I bet this seems like a total hassle at the moment. I guess it is daunting to start with, it’s a lot to consider especially if there are kids/other half’s involved. But the first time will be the worst. Once you’ve done it once things will be more routine. Especially if you shop online as your list will save and you can just edit.
Here’s an example.
So now you’ve got your plan and your list. Get it bought and then make sure you spend a little time every evening getting your packed lunch including snacks ready for work. To help you here are ten(!) recipes for protein balls as promised in part 1. I’d recommend using powdered milk rather than protein powder though – cheaper!
And lastly, some tips for eating out. Because we’ve still got to live. You can either treat yourself (woo) or you can just make a considered choice if you wish to remain on the nutritious line.
- Italian – try to avoid cured meats such as salami, go for a thinner base, ask for reduced fat cheese, don’t double up with garlic bread. Italians do lovely fish – why not go for fish instead of pizza/pasta.
- Mexican – stick with good protein, avoid too much cheese (maybe just on one course if you can’t resist nachos!), go for the guac – if it’s a good restaurant it’ll be homemade and full of avocado goodness.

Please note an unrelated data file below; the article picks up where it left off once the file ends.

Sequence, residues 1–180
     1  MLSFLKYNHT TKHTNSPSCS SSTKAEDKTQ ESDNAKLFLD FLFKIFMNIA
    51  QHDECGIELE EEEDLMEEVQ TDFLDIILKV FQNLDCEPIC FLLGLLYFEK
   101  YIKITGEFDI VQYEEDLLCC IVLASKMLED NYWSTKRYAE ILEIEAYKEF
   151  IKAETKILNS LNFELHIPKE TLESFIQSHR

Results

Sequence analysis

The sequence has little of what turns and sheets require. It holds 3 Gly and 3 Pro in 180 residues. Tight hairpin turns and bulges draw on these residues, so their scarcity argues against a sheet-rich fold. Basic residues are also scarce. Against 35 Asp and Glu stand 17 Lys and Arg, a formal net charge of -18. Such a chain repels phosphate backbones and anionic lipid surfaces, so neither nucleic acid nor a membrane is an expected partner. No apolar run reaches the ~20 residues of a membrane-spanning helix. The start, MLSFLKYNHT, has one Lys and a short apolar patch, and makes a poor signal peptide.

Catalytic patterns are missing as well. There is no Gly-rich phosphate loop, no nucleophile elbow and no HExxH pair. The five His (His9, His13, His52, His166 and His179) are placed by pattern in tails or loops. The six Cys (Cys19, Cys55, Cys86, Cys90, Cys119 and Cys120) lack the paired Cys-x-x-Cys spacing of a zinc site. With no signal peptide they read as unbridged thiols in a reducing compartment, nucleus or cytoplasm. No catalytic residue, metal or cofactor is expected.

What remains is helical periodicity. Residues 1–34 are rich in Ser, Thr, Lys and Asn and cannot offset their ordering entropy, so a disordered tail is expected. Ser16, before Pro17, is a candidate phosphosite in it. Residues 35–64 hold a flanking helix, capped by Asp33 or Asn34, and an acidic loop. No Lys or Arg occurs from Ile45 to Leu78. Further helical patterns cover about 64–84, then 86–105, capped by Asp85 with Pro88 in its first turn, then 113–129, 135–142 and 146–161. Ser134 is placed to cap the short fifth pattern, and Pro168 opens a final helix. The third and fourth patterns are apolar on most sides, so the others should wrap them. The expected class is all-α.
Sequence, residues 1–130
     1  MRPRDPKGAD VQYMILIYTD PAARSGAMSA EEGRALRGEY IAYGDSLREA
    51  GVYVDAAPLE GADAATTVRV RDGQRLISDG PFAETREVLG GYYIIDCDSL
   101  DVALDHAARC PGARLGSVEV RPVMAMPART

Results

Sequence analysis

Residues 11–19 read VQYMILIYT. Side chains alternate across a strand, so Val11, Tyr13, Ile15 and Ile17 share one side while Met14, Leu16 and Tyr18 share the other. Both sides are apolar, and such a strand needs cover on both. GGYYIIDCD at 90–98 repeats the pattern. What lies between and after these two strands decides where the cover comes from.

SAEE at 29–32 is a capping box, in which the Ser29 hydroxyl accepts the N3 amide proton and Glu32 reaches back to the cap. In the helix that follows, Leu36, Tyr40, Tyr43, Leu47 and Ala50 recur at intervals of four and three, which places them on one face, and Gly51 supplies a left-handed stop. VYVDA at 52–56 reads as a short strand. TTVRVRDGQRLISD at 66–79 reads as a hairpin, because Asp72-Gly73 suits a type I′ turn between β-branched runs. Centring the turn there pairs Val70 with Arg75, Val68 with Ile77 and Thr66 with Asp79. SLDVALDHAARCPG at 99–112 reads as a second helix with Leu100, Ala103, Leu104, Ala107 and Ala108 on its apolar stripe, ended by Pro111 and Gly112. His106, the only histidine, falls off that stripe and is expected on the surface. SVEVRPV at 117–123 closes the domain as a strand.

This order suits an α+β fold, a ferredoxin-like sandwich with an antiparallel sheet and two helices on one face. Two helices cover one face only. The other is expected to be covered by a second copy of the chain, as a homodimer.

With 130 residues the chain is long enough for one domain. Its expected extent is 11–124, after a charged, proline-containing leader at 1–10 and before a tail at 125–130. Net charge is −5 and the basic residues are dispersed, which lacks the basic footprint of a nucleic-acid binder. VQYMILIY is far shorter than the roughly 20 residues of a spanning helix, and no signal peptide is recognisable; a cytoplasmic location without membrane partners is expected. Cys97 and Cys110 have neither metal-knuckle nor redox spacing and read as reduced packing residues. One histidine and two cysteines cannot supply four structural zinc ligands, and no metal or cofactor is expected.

- American – tricky…. go for the grill, avoid the cheese, bacon and sauce laden burgers (go plain if you don’t have a burger alternative). Ask for jacket potato instead of fries (skinny fries are better).
- Thai – avoid tempura and crackers – go for sushi, fish dishes and seafood.
- Indian – a tricky one! Avoid naans, poppadoms and overly saucy curries e.g. korma. Go for dry curries, tandoori chicken and have a small portion of rice.
- Chinese – chop suey is a fab choice, as are stir fry dishes. Avoid sweet and sour sauce, anything fried!
Really good supermarket buys:
- Fage total 0% yoghurt – high in protein, low in sugar (win). A super versatile food.
- Meridian nut butter – tons of variety, good fats and not too processed
- Kallo rice cakes as an alternative to oat cakes
- Frozen berries – cheaper and last longer
- Dates – essential for your protein balls
- Value/Basic oats – there is no difference
- Propercorn or Metcalfes Skinny popcorn – loads of interesting flavours!
A real quick note on drinks which I have barely mentioned. For hydration: milk is scientifically proven to be the best. If you’re a tea/coffee drinker try to stick to 2-3 a day and get on the fruit tea train thereafter. Water or diluting juice is the safest bet during the day; aim for 2-3 litres. Dehydration makes you hungry, stressed and tired so don’t let it happen. And … alcohol. It’s mostly calorific and it dehydrates you; BUT it is for the majority a part of life and tastes nice. So drink in moderation; vodka tonic, G+T are the most calorie friendly drinks; wine and beer will make you pay.
And that’s part 2. I hope it is useful. I do not expect anyone to follow the meal plan; it is merely an example. Every plate should have a balance of protein, carb and fat – all the good stuff! Eating regularly and in sensible quantities combined with regular exercise will set you up nicely health wise- make it a lifestyle. Please feel free to share any recipes and rate the protein balls you make!
Good luck, remember preparation is key!